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FAQs on Neon/Cleaner Gobies, Genera Elacatinus & Gobiosoma Disease/Health

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Related FAQs:  Neon Gobies Cleaner Goby Identification, Cleaner Goby Behavior, Cleaner Goby Compatibility, Cleaner Goby Selection, Cleaner Goby Systems, Cleaner Goby Feeding, Cleaner Goby Reproduction, True Gobies Gobies 2Goby Identification, Goby Behavior, Goby Selection, Goby Compatibility, Goby Feeding, Goby Systems, Goby Disease, Goby Reproduction, Amblygobius Gobies, Clown GobiesGenus Coryphopterus Gobies, Mudskippers, Shrimp Gobies, Sifter Gobies

The presence of aggressive tankmates can be an important factor in the manifestation, progression of disease. Pseudochromis splendens, the Splendid Dottyback.

quarantine   7/23/11
Dear Crew,
A quick question - thank you ahead of time. I have a 6 month old 10 gallon reef tank. Inhabitants are a few soft corals, 3 hermit crabs, 2 snails and 1 skunk cleaner shrimp. In 5 days I am "expecting" my first fish - 2 green-banded gobies, plus 2 Nassarius snails and a pom pom crab. I have read through most of the quarantine info on your site and my apologizes if I somehow missed the info I seek. I can set up a 5 gallon quarantine tank with sponge filter, etc as you recommend.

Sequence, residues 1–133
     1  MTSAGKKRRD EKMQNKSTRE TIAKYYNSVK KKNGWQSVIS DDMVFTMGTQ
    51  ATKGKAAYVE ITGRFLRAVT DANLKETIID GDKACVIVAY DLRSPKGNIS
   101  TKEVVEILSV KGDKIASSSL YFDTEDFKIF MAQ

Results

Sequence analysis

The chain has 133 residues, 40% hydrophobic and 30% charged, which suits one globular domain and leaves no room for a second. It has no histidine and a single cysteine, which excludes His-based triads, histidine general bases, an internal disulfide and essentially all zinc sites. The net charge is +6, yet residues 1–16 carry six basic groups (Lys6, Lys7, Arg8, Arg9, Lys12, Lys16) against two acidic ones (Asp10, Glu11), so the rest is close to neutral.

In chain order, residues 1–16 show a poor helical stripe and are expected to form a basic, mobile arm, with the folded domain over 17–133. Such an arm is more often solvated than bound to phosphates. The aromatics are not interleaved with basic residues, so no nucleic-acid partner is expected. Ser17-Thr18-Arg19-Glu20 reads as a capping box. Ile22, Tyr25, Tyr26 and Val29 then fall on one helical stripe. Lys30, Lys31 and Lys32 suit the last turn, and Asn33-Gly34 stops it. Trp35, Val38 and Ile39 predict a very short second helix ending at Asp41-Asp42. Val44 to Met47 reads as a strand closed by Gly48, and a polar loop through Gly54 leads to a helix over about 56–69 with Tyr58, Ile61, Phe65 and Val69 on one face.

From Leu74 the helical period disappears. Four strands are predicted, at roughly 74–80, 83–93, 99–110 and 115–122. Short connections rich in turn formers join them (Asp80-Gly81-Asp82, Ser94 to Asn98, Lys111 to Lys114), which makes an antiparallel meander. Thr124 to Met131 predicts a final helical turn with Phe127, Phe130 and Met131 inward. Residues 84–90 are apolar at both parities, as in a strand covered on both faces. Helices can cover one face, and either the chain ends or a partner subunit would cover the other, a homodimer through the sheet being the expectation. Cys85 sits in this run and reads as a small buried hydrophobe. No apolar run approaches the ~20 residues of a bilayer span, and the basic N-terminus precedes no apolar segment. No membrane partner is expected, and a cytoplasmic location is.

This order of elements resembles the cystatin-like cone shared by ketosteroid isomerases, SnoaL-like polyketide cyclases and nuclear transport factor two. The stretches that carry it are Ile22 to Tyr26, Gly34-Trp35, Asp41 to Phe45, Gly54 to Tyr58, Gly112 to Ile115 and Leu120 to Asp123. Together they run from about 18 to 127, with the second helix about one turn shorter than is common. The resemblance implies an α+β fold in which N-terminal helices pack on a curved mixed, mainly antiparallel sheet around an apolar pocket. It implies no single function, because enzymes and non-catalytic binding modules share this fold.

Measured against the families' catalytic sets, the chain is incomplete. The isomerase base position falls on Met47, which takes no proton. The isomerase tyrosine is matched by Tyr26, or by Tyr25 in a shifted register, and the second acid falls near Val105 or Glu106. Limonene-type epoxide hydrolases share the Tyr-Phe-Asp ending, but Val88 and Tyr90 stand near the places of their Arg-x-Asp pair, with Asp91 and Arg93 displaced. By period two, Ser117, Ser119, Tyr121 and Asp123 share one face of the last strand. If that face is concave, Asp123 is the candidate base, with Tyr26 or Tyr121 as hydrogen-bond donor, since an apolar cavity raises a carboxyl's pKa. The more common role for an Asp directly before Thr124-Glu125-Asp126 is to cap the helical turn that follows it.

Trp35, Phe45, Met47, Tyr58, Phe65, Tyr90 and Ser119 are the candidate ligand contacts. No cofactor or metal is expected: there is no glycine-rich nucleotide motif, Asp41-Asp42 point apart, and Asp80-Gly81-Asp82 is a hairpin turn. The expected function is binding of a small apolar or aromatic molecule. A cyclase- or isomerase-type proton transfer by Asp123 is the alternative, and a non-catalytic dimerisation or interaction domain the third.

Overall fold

<Mmm, I'd just acclimate these animals perfunctorily and place in the ten>
But. if one of the purposes of a quarantine tank is to reduce stress wouldn't it be less stressful for my
new creatures to go directly (after acclimating, of course,) into my fishless system with great water, hiding places, etc?
I understand that if I observe that they are ill I would remove them. Would you recommend this? Also,
because I'll have 2 tiny new fish, a crab and 2 snails do I need 3 quarantine tanks? What would you suggest? My best to all of you for your help. Janet
<Thank you... just drip acclimate and place straight away in the main/display tank. As you state, there is little to be gained by having an intermediate stop w/ these species. Cheers, Bob Fenner>